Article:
Georgia Adviser Says Laughter “Breaks The Ice” And Kick-Starts Conversations
Ernest Turner, 25, a second-year college adviser with the University of Georgia, has never met a stranger. A self-professed people person, Turner is in his element when surrounded by others, sharing with them his die-hard enthusiasm, witty ways, and “git ‘er done” approach to life.
Raised in the Bay Area in Oakland, California, Turner’s parents divorced when he was just eight years old. He and his younger brother and sister were raised by their mother, a college graduate who earned her bachelor’s degree from Xavier University of Louisiana, a historically black Roman Catholic University in New Orleans.
His relationship with his dad was challenging in the early years after the divorce.
“Being the oldest child, I sometimes found myself in the role of mediator,” shared Turner. “In the beginning, it could be intervening between my mom and my dad and later, between my younger siblings and my dad. Because they were so young when my parents divorced, they didn’t know the entire story. It wasn’t always easy to be impartial but through it, I learned not to judge before hearing all sides.”
Just as Turner was about to enter high school, his family moved from Oakland to Tracy, California. Leaving everyone with whom he’d grown up was difficult. It was while living in Tracy, however, that he began to consider a postsecondary education.
“Prior to high school, I didn’t think much about the future beyond dreams of playing basketball in the NBA,” said Turner, who in middle school preferred hanging with his friends and playing ball much more than his studies. “After the move from Oakland, I was around a whole different group of people. Competitive athletics became increasingly important to me, and I knew that if I was going to pursue sports after high school, I would not only have to excel in my athletic abilities but would also have to get better grades. That’s when I really began thinking about college.”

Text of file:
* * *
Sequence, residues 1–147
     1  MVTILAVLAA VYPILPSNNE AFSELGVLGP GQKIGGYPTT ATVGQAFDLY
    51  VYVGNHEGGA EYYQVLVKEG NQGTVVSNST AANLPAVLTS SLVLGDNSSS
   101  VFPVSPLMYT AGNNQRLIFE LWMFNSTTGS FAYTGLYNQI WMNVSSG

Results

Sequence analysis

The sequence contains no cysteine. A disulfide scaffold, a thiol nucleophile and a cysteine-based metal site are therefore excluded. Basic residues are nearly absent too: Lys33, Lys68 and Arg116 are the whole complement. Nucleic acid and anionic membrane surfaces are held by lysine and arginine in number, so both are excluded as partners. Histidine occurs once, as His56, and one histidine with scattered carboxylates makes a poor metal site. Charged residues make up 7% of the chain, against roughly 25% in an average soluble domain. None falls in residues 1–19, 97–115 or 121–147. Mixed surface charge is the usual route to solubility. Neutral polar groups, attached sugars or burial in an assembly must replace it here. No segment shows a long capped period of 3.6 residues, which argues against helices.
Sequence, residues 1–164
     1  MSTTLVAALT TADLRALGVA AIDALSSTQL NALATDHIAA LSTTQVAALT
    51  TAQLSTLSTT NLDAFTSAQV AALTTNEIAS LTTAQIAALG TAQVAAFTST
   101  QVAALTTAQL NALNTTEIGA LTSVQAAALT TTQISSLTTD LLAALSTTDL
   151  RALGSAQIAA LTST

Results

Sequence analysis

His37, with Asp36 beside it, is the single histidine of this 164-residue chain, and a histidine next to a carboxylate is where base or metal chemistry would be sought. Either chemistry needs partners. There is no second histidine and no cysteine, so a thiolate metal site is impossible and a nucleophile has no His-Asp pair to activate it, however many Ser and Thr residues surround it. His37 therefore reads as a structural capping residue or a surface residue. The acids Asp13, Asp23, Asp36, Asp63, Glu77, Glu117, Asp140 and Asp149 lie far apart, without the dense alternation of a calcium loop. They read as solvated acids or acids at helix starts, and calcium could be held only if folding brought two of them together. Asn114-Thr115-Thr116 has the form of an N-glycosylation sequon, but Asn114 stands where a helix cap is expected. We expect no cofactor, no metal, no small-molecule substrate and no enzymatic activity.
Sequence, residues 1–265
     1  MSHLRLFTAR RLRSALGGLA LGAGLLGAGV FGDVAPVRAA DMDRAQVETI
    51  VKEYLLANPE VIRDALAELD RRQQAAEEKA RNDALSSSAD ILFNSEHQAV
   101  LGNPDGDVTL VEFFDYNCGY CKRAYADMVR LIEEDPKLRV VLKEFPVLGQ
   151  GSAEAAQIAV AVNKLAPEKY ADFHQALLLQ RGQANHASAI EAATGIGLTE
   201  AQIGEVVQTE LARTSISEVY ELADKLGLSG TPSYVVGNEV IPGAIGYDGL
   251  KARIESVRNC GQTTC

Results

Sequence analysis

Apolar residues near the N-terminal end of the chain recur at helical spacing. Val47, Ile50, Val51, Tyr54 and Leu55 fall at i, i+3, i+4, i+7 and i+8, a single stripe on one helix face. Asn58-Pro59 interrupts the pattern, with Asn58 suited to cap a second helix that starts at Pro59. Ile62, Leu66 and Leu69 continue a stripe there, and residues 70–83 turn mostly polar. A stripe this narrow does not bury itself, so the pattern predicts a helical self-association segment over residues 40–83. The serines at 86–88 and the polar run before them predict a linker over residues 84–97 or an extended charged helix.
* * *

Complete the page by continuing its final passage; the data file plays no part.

Having benefited from earning her own college degree, Turner’s mother didn’t allow him any other option. “You’re going to college,” she told her son.
In high school, Turner applied himself to his studies while also excelling in track and field. With the help of his track coach, he began exploring different universities. It was his uncle, however, a 1989 Morehouse College graduate, who asked him to consider looking at his alma mater. Turner visited Morehouse the fall semester of his senior year in high school. Although Morehouse didn’t offer him an athletic scholarship, after his visit Turner knew Morehouse was the right school for him.
“As college advisers, we try to help our students find the right match and fit from an academic perspective first,” Turner shared with a hearty chuckle. “I visited Morehouse during homecoming activities, so, admittedly, it was more of an introduction to the college’s social life rather than to its academics. But by visiting I felt the overwhelming sense of community an HBC offers; Morehouse felt like home.”
Turner, who competed in track and field his freshman year in college, made academics his priority thereafter. He graduated in 2018, earning a bachelor’s degree in sociology. One of his roommates served as a College Advising Corps adviser and introduced Turner to the idea of serving as one also.